The table is stowed at the side of the middle armrest to one's left, and the seat control is located on top of the first armrest to the right. One key feature of the new seat is the power socket that allows laptop computers to be plugged (see picture above). This is a first in AirAsia seats and only available on the Premium lie-flat bed.

There is no other storage area for hand luggage aside from the overhead compartment.

WHICH SEAT TO CHOOSE Seats in the first row allow for better access to the aisle, which is ideal for those who go visit the washroom a fair bit during the flight. The only downside is when the lights are turned down during a night flight, sleeping passengers on the aisle seats are likely to be disturbed by the light that flows through every time  the curtain that separates the cabin and the front of the plane is parted.

THE FLIGHT When the last passenger was seated, the crew begun the pre-flight procedures. The captain went online to welcome us to the seven-hour-and-15-minute flight and then drew our attention to the safety demonstration being conducted at the front of the aircraft.

The plane took off slightly delayed at 1.30am. My seatmate was a Malaysian businessman travelling with his daughter to visit relatives in Melbourne. The two were in separate sections as the father needed the extra room to accommodate his bigger physique. Booking the Premium Seat and paying extra for additional luggage limit, pre-booked meals and travel insurance, he said, was worth the price as it was only slightly higher than the cost of an Economy Class Seat on a full-service airline.

Once we were at cruising altitude, the crew begun the inflight service. The menu consisted of nasi lemak, Smokey Chicken Barbecue and Vegetarian Szechuan Rice and a choice of sandwiches, beverages. White and red wine, champagne and beer are available, but are only served to passengers over 18 years of age. Passengers pay for purchases either in Malaysian ringgit or Australian dollars.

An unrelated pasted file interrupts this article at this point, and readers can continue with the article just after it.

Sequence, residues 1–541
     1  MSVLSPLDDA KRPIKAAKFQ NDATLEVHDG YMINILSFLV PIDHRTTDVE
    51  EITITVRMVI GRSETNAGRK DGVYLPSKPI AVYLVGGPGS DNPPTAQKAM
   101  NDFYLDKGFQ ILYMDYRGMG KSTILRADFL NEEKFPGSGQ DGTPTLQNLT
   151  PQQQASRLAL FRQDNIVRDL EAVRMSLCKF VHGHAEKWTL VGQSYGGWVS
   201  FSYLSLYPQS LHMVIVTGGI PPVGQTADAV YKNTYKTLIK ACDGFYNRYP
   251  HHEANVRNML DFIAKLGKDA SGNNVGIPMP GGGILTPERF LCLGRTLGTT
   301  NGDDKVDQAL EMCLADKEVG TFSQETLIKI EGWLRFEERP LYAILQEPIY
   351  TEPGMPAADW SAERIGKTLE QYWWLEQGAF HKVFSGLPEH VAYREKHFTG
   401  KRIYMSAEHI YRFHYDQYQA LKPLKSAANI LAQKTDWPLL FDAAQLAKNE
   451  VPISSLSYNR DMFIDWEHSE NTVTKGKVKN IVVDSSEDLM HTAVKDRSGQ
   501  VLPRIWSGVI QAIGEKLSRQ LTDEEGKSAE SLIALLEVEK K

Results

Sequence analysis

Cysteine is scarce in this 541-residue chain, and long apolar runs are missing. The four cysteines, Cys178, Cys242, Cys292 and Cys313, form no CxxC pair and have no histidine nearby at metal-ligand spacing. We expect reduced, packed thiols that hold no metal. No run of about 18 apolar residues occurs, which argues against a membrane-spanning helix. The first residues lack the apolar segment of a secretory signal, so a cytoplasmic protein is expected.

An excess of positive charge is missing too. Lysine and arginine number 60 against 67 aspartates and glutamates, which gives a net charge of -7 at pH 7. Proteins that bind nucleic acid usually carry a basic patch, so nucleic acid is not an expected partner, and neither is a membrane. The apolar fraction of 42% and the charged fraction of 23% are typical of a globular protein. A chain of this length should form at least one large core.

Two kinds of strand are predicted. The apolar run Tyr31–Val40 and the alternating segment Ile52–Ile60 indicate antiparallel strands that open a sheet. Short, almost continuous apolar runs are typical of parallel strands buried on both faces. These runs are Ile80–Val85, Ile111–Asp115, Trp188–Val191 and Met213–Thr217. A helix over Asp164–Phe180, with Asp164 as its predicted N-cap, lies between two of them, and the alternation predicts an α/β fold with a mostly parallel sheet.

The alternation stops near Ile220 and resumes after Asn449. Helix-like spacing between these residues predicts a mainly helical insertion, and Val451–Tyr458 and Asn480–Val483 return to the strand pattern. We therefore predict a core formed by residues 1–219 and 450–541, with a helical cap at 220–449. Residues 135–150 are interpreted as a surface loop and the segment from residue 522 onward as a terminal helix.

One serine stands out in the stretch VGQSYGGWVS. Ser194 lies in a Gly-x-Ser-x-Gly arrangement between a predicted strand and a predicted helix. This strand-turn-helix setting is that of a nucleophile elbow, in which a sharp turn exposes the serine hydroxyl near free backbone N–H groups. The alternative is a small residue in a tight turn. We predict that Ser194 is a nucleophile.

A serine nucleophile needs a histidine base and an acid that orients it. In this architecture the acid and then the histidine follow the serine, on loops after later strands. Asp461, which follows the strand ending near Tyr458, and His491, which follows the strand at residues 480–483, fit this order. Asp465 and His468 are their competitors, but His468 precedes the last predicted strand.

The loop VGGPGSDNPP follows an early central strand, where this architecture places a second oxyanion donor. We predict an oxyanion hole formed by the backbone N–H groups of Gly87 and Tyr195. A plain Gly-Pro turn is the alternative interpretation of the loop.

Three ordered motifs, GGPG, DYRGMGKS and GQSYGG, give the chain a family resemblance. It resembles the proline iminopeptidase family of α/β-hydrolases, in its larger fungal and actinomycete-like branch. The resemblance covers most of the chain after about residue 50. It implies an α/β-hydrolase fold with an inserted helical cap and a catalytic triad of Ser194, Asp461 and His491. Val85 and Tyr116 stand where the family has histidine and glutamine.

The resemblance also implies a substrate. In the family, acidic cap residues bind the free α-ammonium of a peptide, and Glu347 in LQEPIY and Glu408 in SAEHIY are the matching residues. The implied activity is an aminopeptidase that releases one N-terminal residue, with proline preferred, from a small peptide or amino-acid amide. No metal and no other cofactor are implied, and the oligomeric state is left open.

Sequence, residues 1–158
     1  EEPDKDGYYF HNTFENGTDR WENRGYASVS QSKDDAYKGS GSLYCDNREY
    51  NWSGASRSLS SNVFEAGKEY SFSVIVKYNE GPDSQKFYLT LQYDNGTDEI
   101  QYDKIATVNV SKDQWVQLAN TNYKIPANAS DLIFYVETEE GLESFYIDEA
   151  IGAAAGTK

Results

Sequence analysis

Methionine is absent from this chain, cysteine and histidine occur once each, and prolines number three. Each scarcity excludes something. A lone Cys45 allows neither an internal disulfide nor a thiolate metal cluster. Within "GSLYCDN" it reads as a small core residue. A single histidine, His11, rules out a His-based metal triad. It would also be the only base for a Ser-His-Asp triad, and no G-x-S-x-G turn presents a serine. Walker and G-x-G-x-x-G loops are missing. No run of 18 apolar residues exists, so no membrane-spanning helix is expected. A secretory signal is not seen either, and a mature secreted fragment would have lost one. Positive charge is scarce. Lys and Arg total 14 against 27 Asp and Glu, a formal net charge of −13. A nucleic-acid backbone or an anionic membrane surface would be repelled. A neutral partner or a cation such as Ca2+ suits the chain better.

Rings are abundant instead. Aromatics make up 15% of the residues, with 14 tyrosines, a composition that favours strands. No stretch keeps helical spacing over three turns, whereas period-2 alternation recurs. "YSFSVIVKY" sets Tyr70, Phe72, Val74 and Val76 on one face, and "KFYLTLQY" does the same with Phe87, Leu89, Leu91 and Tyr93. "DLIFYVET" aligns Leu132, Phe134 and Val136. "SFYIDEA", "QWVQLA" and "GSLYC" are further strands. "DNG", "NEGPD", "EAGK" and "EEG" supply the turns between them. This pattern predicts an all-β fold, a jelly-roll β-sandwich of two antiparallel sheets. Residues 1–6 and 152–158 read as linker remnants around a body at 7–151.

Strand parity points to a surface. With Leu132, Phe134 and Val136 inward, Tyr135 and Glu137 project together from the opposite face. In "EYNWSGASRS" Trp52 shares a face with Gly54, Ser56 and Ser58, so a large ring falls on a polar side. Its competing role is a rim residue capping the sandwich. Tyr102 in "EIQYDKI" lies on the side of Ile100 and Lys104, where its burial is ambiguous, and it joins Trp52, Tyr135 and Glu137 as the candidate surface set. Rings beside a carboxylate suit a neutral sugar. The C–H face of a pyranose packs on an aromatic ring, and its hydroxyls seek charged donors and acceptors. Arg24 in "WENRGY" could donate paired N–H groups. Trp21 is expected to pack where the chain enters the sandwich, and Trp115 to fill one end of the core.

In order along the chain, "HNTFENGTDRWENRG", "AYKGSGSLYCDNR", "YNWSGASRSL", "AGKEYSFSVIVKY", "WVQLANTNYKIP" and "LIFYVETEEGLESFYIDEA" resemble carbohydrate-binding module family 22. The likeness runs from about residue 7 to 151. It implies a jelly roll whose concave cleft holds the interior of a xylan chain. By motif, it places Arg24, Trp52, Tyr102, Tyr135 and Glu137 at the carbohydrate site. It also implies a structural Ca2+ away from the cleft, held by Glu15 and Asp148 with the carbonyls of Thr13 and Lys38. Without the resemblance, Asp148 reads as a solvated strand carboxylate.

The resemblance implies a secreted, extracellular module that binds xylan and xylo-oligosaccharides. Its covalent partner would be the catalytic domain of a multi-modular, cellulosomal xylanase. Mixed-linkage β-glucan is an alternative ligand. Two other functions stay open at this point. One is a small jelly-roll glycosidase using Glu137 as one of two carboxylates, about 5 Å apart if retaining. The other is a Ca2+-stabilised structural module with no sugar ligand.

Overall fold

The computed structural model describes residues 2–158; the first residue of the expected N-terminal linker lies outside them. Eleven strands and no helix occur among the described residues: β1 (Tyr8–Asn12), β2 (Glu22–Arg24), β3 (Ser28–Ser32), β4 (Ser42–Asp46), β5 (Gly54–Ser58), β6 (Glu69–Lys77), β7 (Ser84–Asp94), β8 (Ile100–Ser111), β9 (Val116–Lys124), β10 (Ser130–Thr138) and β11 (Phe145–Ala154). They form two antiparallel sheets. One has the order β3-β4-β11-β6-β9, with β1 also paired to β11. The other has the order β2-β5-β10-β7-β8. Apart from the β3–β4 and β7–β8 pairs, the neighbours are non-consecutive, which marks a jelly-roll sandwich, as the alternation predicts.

It seemed though that very few in my cabin, including myself, were interested in eating, and most of us quickly settled down for a shut-eye.

I pushed the seat control to the full lie-flat position. The seat was not fully flat but it reclined to an angle of 62 degrees. But it was enough for my legs to stretch out comfortably. It was 2 am when I fell asleep, and I woke up four hours later feeling completely relaxed and rested. I continued drifting in and out of sleep for an hour until the cabin lights were turned on and the crew started offering breakfast.

Not being a breakfast person, I went to freshen up. The toilet for the premium section is in the front and is located behind the cockpit. I heaved a sigh of relief to discover that the toilet is clean and dry, which is not normally what I encounter in long-haul flights. When I returned to my seat, I begun filling the immigration form and afterwards went back to reading the book I brought.

At 9.30am (11.30 am Melbourne time), the captain came online to say we were landing in half an hour. The plane touched down on Melbourne at 11.55am, fifteen minutes ahead of schedule.

ARRIVAL As the first one out of the plane, I quickly cleared Australian immigration, picked up my luggage at Carousel 5 and passed through customs. I was already out and waiting for a taxi to take me to the city just 30 minutes after our plane landed.

VERDICT A good premium product that delivers Business Class comfort at an affordable price.



CONFIGURATION 2-2-2 in Premium, 3-3-3 in Economy

SEAT WIDTH 20in/50.80cm (previously 18in/45.72cm)

SEAT PITCH 59in/149.86cm (previously 38in/96.52cm)

PRICE Internet rate for the Premium full lie-flat seat on D7 2724 in mid-March costs MYR2,026 (US$591)


Gigi Onag